Talk:Ancient Egyptian technology

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What the Egyptians invented, devised and improved[edit]

Great page. Also:

  • furniture: (one of the) first evidence for stools, beds and tables comes from the ancient Egyptian tombs like Tut-ench-Amuns.
  • pillar: first pillars when the ends of walls were separated from the west
  • first monumental stone building (in Sakkhara)
  • (one of the, if not the) first decimal system

There is actually quite a lot the Egyptians devised. It is only because these things are basic that today not everyone knows. Fine, that you keep attention on provinding sources. Keep up the good work. Gun Powder Ma 20:47, 25 March 2007 (UTC)

makes me proud to be egyptian!!! —Preceding unsigned comment added by Imi2012 (talkcontribs) 04:27, 23 September 2007 (UTC)

Expert needed/factual tags[edit]

I tagged this article because it really needs some expert attention with respect to factual accuracy. It's not enough just to find a single source on this kind of material, because the evidence is often unclear and can be interpreted in several ways, for instance whether or not the Egyptians invented glass and when it happened. If I get time I can work on this article. Don't rely too seriously on the content until it gets cleaned up and verified. Jeff Dahl 01:47, 2 October 2007 (UTC)

Please list the specific items below. Otherwise the tags will be removed after a period of time, a week or two. J. D. Redding 01:32, 16 January 2008 (UTC)

OK, let's plunge in... Jeff Dahl (Talkcontribs) 03:23, 16 January 2008 (UTC)

points of factual accuracy[edit]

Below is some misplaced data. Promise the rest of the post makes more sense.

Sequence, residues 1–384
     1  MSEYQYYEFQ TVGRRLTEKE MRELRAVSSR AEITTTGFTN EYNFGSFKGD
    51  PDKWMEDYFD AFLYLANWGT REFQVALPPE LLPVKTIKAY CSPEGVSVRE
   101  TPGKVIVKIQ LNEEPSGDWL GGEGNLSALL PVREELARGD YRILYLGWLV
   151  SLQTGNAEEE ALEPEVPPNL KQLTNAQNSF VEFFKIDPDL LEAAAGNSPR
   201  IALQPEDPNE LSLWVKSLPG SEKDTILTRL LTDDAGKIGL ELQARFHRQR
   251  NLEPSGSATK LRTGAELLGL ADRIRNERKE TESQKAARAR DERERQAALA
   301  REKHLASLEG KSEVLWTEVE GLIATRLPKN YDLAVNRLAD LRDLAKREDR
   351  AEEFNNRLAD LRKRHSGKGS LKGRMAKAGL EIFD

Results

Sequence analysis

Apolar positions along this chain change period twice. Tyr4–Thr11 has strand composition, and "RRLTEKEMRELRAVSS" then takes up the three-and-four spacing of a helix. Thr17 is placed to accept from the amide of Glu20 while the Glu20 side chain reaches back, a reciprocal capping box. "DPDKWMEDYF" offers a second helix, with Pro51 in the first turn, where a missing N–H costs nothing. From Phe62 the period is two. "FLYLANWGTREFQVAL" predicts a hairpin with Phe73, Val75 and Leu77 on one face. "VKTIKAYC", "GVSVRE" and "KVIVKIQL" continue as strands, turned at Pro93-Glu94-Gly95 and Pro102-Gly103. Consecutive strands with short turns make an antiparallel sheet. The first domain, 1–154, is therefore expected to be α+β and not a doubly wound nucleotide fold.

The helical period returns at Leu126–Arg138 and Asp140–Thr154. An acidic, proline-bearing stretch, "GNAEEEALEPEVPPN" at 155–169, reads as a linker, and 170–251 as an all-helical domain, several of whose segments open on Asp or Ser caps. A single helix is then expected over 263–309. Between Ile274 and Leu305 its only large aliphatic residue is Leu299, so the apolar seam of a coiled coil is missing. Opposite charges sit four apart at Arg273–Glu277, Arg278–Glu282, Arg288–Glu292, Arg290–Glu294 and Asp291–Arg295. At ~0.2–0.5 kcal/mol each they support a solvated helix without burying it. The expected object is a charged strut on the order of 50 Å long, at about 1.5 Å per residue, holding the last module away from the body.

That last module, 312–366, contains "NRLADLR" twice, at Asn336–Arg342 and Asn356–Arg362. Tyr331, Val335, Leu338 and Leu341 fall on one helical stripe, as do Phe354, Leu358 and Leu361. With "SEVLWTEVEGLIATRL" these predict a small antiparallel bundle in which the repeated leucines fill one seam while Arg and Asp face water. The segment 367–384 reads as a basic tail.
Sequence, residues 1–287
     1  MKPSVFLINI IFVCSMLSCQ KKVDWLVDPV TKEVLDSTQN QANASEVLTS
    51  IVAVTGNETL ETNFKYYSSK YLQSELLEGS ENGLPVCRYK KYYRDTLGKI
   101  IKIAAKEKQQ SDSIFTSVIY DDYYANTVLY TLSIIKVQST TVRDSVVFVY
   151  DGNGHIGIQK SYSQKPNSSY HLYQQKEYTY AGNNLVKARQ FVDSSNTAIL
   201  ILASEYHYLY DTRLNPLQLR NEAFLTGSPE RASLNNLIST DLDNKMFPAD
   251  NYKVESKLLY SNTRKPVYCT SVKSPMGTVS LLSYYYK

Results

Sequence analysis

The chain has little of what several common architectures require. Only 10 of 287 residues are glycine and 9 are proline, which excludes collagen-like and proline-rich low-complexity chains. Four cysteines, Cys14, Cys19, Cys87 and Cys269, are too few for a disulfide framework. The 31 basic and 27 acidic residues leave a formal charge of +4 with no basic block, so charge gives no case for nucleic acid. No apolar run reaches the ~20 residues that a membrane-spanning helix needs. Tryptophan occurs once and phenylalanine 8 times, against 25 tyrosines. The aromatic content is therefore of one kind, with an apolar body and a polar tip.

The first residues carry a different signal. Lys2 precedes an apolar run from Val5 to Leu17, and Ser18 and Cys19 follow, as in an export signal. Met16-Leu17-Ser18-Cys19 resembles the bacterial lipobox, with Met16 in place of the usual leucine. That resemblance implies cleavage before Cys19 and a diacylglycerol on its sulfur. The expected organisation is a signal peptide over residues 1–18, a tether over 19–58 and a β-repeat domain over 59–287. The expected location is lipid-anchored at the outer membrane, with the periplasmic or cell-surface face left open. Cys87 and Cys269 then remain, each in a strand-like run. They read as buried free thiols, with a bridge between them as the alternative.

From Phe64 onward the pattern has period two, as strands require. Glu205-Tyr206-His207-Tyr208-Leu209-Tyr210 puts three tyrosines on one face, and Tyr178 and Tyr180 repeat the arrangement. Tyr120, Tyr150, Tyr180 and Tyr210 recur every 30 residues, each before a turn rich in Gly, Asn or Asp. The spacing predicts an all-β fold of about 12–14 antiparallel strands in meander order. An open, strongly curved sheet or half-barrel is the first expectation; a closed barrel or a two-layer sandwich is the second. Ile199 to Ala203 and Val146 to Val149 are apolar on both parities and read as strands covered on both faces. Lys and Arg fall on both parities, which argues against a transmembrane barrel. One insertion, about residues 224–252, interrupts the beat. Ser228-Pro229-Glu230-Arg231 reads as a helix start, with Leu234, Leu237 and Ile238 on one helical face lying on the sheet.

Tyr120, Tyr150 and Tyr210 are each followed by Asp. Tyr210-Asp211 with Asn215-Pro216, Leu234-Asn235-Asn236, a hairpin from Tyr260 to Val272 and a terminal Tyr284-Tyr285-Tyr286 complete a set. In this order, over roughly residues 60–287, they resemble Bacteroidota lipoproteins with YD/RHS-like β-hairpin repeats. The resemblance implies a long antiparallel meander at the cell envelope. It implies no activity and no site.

Please list specific items in bullet list. J. D. Redding 01:32, 16 January 2008 (UTC)

  • All those places that say "Citation needed" or "Attribution needed" etc. User:Jeff Dahl
Of course ... J. D. Redding 04:05, 16 January 2008 (UTC)
No more of these exists ... as of now ... will mark some of the line below in the article ... J. D. Redding 12:06, 22 January 2008 (UTC)
  • Anything sourced to Budge is 100+ years out of date, yet his books are widely reprinted because they are out of copyright. Budge is fine for hieroglyphic reproductions and source texts (just don't trust his translations), but a more modern source should be consulted for anything else he writes. User:Jeff Dahl
IYO ... alternative / supplementary sources would be good ... But not necessary. J. D. Redding 04:07, 16 January 2008 (UTC)
  • "Egyptian astrology provided star charts that have been found in Egypt that date as early as 4,200 B.C"
Where is this coming from? I know of no star charts that old.User:Jeff Dahl
Found some references ... "Magickal Astrology" (book) ... also another at Ove von Spaeth: Egyptology and Astronomy (2000) 5. Ancient Egyptians As Skilled Calculators (website). Will put them in till a more suitable one can be found ... J. D. Redding 04:05, 16 January 2008 (UTC)
If it's the image at the top of the web site just cited, I had a private tour by the Spanish archaeologists now working on the site (which is hopefully going to be closed to tourists with a reconstruction of the cenotaph provided, as the ceiling and walls were getting damaged). See [1] but it dates to around 1500 BC. This date is wrong, maybe a confusion over an early idea about the Egyptian calendar. Anyway, it's wrong, so deleting.Doug Weller (talk) 14:13, 4 April 2008 (UTC)
  • "Egypt was one of the most important places in the development of astrology, although astrology first originated in Babylon."
Citation please. I question its factual accuracy.User:Jeff Dahl
Do you know anything about Babylon? Ever heard of the Magi? Know about the Zoroastrians?